Great teachers know that assessing student learning is critical for both understanding how students are progressing and in planning for future instruction. The DPAS-II framework articulates the two steps in using assessments in the classroom: designing assessments (Criterion 1e) and implementing assessments (Criterion 3e).
There are two types of assessments: summative and formative. Summative assessments help teachers understand whether or not a student learned the content. Summative assessments are used at the end of instruction. Formative assessments provide an in-the-moment picture of student learning. Formative assessments can be as simple as a thumbs up/thumbs down or a single question meant to elicit understanding. Great teachers use formative assessments in every lesson and use these results to drive instructional decisions.
Criteria 1e and 3e in the DPAS-II framework describe elements and attributes of great formative assessment. This doesn’t mean that summative assessment isn’t important in instruction; indeed, summative assessments are what drive the Student Improvement Component/Component 5 in the DPAS-II evaluation system. But when observing day-to-day instruction and providing feedback to teachers, the DPAS-II framework serves as a resource for observers to give targeted feedback on teachers’ use of assessments in instruction.
Criterion 1e describes the characteristics of well-designed assessments as a part of the lesson planning and preparation process (read more about Component 1 in the October and November newsletters). The elements of Criterion 1e are:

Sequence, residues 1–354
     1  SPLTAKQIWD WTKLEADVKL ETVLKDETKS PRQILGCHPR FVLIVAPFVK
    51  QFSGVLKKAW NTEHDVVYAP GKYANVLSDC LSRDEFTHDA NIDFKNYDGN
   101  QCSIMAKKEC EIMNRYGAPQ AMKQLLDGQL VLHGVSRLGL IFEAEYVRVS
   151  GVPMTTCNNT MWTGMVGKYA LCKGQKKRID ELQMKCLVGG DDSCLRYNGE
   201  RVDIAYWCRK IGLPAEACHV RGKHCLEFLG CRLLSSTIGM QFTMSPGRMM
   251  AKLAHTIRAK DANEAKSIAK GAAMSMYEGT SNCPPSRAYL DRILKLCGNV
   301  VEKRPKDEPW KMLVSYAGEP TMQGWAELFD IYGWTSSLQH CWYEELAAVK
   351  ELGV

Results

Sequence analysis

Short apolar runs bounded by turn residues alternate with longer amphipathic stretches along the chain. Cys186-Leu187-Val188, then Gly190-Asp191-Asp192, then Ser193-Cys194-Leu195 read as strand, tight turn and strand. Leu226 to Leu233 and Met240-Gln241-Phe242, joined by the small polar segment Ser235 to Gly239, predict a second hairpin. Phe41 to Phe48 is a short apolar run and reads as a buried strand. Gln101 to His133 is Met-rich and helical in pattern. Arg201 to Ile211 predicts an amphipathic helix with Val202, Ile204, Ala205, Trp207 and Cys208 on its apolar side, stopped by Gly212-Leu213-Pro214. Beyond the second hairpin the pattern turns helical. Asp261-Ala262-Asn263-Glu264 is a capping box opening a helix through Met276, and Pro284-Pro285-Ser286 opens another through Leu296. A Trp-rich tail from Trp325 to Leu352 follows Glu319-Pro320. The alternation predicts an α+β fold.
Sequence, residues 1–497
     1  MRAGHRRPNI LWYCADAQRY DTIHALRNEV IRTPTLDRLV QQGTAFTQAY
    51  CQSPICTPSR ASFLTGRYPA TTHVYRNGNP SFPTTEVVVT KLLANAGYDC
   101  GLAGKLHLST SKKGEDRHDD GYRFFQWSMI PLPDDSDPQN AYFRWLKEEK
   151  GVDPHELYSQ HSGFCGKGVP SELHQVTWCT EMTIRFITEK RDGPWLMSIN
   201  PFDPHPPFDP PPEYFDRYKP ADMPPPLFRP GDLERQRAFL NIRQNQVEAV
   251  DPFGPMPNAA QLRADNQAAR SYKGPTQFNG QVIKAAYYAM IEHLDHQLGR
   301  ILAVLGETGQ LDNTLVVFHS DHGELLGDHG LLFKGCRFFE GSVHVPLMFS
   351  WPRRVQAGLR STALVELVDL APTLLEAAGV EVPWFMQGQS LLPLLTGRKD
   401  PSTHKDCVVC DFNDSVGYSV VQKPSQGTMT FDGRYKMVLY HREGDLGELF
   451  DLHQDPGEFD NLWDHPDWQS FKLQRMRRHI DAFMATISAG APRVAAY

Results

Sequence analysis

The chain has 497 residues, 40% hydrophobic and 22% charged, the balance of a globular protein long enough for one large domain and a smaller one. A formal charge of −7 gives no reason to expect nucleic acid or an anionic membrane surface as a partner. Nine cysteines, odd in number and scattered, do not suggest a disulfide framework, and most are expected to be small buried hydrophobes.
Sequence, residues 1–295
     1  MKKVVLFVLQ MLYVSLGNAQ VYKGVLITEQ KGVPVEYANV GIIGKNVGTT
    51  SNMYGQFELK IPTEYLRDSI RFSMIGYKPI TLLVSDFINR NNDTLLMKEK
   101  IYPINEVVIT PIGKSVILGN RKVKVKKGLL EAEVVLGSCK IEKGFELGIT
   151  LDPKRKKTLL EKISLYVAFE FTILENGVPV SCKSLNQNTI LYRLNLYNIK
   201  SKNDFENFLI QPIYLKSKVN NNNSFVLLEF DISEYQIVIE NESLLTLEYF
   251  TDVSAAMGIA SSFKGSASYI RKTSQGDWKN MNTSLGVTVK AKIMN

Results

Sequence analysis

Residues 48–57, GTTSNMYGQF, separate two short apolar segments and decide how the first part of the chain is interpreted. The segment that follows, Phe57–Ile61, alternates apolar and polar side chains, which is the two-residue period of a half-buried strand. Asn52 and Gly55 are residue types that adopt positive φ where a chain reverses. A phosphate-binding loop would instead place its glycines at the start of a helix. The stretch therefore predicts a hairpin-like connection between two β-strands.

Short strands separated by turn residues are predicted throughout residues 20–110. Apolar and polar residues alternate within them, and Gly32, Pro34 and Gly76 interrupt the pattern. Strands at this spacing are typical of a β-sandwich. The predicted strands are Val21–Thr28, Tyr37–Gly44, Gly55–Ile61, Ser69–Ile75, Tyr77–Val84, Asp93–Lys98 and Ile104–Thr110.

- Congruence with instructional outcome: all of the lesson outcomes should have a method for assessment, and the assessment types should match learning expectations for the class
- Criteria and standards: there must be clear criteria to guide the grading of the assessment
- Design of formative assessments: the lesson plan includes the use of formative assessments to inform minute-by-minute decision-making by the teacher
- Use for planning: the assessments results must also be incorporated into future planning of lessons and units
Designing the assessment is just the first step. Great teachers then use assessments as a part of their day-to-day instruction. Criterion 3e describes specifically that “assessment is regularly used during instruction through monitoring of progress of learning by teacher and/or students through high quality feedback to students.” The elements of Criterion 3e are:
- Assessment criteria: students know and understand the criteria by which their work will be evaluated
- Monitoring of student learning: the teacher actively monitors the learning of students throughout the lesson
- Feedback to students: the teacher also provides timely and high quality feedback to students so that students understand their progress
- Student self-assessment and monitoring of progress: students are actively involved in self-assessment and in monitoring their own progress.
Taken together, Criterion 1e and 3e provide a holistic picture of how great teachers design and use formative assessments to monitor and drive student learning. And these elements are critically important to student success. John Hattie developed the
to understand how 138 different influences were related to learning outcomes. Hattie's research targets an effective size of 0.40 as the "hinge point," or the average of all effect sizes. The first ranking of 138 effects notes students use of self-reported grades, or self-assessment, as having the highest effect size of 1.44. Formative evaluation has an effect size of 0.9, and feedback an effect size of 0.73. This research reinforces that assessments and the specific elements of assessments in the DPAS-II framework matter tremendously to student learning.